Does the Cumulative Layout Shift metric stop measuring on user-interaction? Google's guidance on Cumulative Layout Shift says:

Layout shifts that occur in response to user interactions (clicking a link, pressing a button, typing in a search box and similar) are generally fine, as long as the shift occurs close enough to the interaction that the relationship is clear to the user.

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It's important to remember that Cumulative Layout Shift (CLS) is not just focused on page load. Many of the most problematic layout shifts we see happen after the initial load of a page has completed. You may have started reading an article or scrolled when all of a sudden content "shifts" because of an ad that has been injected or updated.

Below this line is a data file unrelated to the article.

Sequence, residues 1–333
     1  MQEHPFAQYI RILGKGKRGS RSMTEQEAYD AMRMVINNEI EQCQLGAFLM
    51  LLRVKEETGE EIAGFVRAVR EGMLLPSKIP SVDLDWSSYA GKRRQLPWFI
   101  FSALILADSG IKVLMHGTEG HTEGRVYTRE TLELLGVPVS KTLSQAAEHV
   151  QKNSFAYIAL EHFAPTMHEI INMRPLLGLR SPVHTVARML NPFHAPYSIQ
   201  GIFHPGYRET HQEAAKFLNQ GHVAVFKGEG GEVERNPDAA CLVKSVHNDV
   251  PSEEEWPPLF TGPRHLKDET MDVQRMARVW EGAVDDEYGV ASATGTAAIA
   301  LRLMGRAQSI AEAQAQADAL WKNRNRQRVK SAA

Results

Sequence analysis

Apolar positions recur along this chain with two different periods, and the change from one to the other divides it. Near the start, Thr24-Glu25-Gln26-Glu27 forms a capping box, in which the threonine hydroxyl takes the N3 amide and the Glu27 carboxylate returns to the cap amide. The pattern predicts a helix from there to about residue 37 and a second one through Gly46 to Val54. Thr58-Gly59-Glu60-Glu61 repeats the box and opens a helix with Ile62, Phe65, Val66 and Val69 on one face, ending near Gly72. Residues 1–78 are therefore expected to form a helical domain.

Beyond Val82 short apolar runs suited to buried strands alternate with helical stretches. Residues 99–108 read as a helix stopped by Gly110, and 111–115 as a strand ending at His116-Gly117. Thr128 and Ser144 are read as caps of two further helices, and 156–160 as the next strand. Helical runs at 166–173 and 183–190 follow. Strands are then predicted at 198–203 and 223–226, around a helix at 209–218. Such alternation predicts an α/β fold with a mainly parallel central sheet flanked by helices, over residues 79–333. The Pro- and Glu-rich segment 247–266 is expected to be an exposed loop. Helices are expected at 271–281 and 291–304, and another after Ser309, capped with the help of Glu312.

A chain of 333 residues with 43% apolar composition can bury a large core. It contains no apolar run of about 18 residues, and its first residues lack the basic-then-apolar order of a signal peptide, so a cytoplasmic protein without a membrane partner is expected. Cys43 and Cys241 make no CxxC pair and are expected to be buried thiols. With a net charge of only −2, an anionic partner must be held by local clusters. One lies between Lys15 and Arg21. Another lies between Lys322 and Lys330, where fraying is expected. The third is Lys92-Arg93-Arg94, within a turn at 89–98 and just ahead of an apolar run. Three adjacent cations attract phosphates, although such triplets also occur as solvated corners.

So, CLS is accumulated until a page reaches unload. It does not "stop" measuring upon a user input, as one of the goals of the metric is to measure the experience real users have of unstable page layouts.

You might wonder if this means that long-lived pages or sessions could end up with a worse CLS. There is thought going into how best to factor in this nuance this via the WebPerf Working Group. Ultimately, we need to normalize how we measure metrics like layout shift across the length of a session.

  • Any ideas on how to find what causes high CLS in "Field Data" report? Jul 21, 2020 at 17:56

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